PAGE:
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Baby howler on momma's back
Before we leave the ruins, here are a couple of my favorite shots of multiple structures from up on high.
After a great day at the site, it was finally time to leave.  But not before a little shopping!  I bought a beautiful embroidered Mexican blouse from one of the many stalls in the parking area.  Little did I know, I'd later see the exact same thing available in San Cristobal for half the price.  Oh well, it was still quite inexpensive (approximately $14 US).
We then caught a collectivo back to town.  We were the only gringos in the van, as usual.  
Similar to taxis in San Pedro, Belize, the collectivo vans are old US mini-vans, and not in very good condition.  Rattle-traps!  And where's the license plate?  Hmmmmm....
Stay tuned...the Palenque food post is coming up next!

A note to our readers:  I thought it was odd that we hadn't gotten any blog comments in about a month.  I now realize why.  For some reason, Weebly has stopped sending me the email notifications of comments.  When I finally thought to poke around and see if I had any in a pending status, I found 50!  So, if you've commented on the blog in the past month, my apologies that you were ignored.  I am going to try to get these posted (and responded to, where warranted) as soon as I can.  Your patience and understanding is much appreciated!
 
Our main purpose in visiting the Mexican city of Palenque in the Chiapas state was to visit the Palenque Archaeological Site (Maya ruins).  This site is medium in size compared to huge sites like Tikal, but is one of the most widely studied, written about, and well-known Maya sites.  

After breakfast we walked out onto the main highway to catch one of many collectivos to the site.  These are inexpensive vans that run back and forth all day long.  There are no set stops, you stand by the side of the road, and before too long, one will stop for you.  In addition to tourists, they also transport vendors carrying their wares to sell at the site.  There were a few vendors in the collectivo that we caught.
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Riding in back of a collectivo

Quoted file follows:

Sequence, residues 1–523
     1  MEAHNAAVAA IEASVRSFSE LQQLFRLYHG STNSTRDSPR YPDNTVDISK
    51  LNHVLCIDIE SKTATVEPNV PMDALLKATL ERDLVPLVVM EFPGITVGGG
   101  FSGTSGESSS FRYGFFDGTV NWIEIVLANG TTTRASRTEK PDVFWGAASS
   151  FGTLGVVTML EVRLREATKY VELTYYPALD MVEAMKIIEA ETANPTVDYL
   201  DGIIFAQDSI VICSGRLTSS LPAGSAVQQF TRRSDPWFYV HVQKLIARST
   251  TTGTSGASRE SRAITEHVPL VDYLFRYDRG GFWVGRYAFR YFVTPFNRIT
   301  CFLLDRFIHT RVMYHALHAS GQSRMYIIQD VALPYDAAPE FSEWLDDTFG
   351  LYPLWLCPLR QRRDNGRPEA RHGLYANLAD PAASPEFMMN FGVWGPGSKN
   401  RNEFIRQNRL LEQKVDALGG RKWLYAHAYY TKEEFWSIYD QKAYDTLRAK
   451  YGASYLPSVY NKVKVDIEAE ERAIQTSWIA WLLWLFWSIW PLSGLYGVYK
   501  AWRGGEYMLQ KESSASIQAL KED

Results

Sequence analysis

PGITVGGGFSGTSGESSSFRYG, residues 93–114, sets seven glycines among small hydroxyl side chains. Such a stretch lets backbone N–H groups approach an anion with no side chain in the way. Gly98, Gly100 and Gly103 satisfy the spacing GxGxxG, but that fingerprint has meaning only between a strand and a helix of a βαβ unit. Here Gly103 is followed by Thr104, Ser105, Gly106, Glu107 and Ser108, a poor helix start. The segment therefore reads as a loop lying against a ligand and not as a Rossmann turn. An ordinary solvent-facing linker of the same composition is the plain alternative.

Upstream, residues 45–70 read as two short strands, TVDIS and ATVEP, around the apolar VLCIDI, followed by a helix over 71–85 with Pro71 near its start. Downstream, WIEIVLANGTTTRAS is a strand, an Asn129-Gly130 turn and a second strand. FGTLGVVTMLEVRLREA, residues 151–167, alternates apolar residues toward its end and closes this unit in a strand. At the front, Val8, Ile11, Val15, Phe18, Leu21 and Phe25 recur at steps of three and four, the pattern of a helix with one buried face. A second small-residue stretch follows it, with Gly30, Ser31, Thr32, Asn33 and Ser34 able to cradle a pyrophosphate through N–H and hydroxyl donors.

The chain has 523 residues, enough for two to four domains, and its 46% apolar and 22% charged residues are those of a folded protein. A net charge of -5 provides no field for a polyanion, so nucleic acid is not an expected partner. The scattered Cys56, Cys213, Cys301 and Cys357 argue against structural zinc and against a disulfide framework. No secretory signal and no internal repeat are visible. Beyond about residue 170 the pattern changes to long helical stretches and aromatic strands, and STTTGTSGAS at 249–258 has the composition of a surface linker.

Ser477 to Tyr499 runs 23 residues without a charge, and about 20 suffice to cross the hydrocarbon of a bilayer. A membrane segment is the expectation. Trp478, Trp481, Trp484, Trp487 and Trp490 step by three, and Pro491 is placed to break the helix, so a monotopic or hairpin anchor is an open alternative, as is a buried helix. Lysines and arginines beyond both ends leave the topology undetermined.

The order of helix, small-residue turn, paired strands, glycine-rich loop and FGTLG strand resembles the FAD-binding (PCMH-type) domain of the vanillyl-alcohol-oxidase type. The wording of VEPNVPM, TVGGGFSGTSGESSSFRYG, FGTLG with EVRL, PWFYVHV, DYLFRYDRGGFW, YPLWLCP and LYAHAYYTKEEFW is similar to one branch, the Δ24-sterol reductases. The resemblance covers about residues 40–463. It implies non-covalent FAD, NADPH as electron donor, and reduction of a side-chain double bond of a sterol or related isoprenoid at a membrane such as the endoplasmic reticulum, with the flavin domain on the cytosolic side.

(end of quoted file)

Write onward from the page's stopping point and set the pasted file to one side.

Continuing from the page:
Entering the site.

After paying our entrance fee, we entered the site.  Unfortunately we did not have a printed map and did not see any available there.  If you're going, you may want to print a map before you go, because it's easy to get disoriented -- this is a large place!  Another tip:  there is plenty for sale to eat and drink right outside the entrance for very reasonable prices, so you don't need to buy bottled water or anything to eat in town to bring along if you don't want to.  We bought some water and a couple of snacks to supplement what we'd brought along.
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Entrance to site
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What lies ahead?
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This map would have been really handy to have in hand. There are no more of these billboards once you pass here.
I wish it had been a sunnier day for photographs, but it was hazy and overcast for most of the day.  That did help keep temperatures down.  Here are just a small (?) selection of the many, many photos Barry took of the various structures at the site, in no particular order.  

The Palace.

The Ball Court.

Temple of the Cross.

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Temple of the Cross in the center of the photo
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Temple of the Cross (right) showing all the stairs. Yes, we did walk to the top. In fact, Barry walked up them twice in pursuit of photos!

Temple of the Foliated Cross.

Temple of the Sun.

Temple 13.

Temple of the Skull.

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Emily climbing the Temple of the Skull
Please stay tuned for Part 2 of the Palenque ruins and much more!
 
Continuing our adventures in Mexico...

On our first full day in Tulum, we caught an inexpensive collectivo from the main street through town to the Maya ruins and beach nearby. This is the number one tourist destination in Tulum, and it is well worth a visit.  Although you can take a private taxi for just a bit more ($50 MX, or about $4 US), collectivos run every few minutes and cost just $40 MX for the two of us (approximately $3.20 US).  Just ask them to take you to the"ruinas" since many of the drivers don't speak English.
Be forewarned, however; the collectivo dropped us on the main road about a quarter-mile from the entrance to the park, so we had to hike in the rest of the way.  A taxi will presumably take you right up to the entrance.